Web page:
Are trying to make me cry? There are really so many. But I’ll tell you one, because I think I can get through it without crying. When I first moved to Winnipeg, my neighbour across the back was a firefighter and he had a buddy who was also a firefighter. I didn’t know the city and, of course, there was no GPS in those days, so I said to Bob, my neighbour, ‘Get your friend Pete, and I’ll get a van, and the three of us will go deliver hampers.’ We came to a location in Point Douglas. It looked like a standard bungalow, but I think it had nine of those mailboxes on the outside.
I knocked on the door and we asked about a certain person. And he says, ‘Oh, he’s upstairs.’ In the foyer, there was a light bulb hanging from a fixture, and it was covered in fly shit. It was gross. We went upstairs, and in a small room, was a man in his 80s. Totally bedridden. No food service. He had a table that someone had added length to, and a hotplate. My friend Bob had tears running down his face. He said, ‘Kai, I can’t handle this.’ And this is a firefighter.
I’m sure there are lots of stories like that. What motivates you to keep going?
I think that, part of the problem we have, is people feel like they don’t belong. Our little project says to them, ‘No, you do belong, and it’s important for you to belong.’ And if we can get that feeling of community firmly established, I think that has all kinds of positive spins. That’s why it’s important we do this work.
After the hampers are delivered, how do you celebrate the holidays?
I actually love Christmas. I cook. I was born in Copenhagen, so I’m sort of the designated Dane, and I make Danish rice pudding that all my friends clamour to have once a year because I only make it once a year. I also put my feet up and relax. This year, we’re having a gathering at our house.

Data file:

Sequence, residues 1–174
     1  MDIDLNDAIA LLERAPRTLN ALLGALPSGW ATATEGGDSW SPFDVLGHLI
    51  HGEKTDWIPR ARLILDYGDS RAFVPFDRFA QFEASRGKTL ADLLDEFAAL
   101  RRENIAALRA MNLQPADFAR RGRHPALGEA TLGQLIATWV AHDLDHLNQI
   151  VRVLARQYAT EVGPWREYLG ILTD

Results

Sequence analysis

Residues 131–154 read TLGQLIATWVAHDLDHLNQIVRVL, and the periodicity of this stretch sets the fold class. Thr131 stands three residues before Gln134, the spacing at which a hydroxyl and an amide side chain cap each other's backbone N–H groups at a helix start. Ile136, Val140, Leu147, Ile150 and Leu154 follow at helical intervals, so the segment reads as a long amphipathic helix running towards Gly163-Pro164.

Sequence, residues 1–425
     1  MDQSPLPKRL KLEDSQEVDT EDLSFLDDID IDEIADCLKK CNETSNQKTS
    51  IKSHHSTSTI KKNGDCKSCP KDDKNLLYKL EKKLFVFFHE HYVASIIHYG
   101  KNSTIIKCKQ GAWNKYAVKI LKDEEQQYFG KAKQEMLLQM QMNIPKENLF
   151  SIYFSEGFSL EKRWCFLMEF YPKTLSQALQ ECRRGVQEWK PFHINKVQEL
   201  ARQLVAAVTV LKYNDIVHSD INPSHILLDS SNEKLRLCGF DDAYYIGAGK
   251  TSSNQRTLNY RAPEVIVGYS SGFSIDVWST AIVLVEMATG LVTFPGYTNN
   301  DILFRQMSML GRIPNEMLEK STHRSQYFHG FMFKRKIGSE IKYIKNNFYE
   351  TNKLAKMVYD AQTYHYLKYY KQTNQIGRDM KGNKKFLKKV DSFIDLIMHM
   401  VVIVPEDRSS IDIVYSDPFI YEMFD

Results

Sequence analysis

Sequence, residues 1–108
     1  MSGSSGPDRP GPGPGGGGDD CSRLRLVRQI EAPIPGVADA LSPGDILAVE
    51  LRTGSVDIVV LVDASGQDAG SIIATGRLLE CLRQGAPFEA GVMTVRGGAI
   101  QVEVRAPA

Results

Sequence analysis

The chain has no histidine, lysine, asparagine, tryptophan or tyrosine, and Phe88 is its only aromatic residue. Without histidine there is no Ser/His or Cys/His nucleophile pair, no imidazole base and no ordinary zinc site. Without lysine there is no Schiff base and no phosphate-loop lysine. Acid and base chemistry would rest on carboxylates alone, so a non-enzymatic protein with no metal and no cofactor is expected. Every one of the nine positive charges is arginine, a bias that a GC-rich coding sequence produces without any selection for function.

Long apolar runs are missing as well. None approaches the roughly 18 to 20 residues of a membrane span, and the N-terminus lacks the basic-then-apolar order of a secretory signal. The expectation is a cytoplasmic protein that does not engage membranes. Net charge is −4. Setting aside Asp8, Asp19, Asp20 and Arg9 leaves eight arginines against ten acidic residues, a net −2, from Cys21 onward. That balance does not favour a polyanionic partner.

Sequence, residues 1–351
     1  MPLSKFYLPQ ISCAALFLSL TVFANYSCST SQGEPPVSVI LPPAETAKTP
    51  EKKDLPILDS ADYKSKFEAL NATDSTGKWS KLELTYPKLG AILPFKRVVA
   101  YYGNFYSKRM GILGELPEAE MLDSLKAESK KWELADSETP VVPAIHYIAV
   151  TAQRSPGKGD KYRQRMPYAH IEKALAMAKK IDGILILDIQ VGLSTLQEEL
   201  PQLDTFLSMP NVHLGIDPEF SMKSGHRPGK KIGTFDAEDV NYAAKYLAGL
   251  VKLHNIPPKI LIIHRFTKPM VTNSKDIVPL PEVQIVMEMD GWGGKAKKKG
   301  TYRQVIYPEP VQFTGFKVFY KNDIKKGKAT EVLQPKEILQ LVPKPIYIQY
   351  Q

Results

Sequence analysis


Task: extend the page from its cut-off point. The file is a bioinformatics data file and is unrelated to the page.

Real tree or fake tree?
Well, I think it’s got to be real this year. My wife is adamant about it. I wasn’t keen about a real tree because they make such a mess, so I said, ‘Why don’t we just get some (scented spray)? Well. You should have seen the look I got. So it’s going to be a real tree. During my childhood it was always a real tree — and a real candle. They had these little silver cups that you clipped onto the branch. The little town I lived in (Torring, Denmark) had a community Christmas, and there, the tree would be 35 or 40 feet high, with candles. They had one guy with a bucket of water and a great big stick with a mop thing at the end of it, so if he saw something he could put it out.
Are you a television watcher?
I’m a sentimentalist. Don’t you laugh too much at this, but right now I have probably watched 15 movies from this Christmas Movie Parade.
Oh, like, the Hallmark Christmas movies?
Yeah! You know what? It’s relaxing. And the turmoil level within each is really quite low, to the point where you don’t get upset. Even if there is a little conflict, it’s not serious. And you know at the end they’re going to kiss.
Jen Zoratti is a Winnipeg Free Press columnist and co-host of the paper's local culture podcast, Bury the Lede.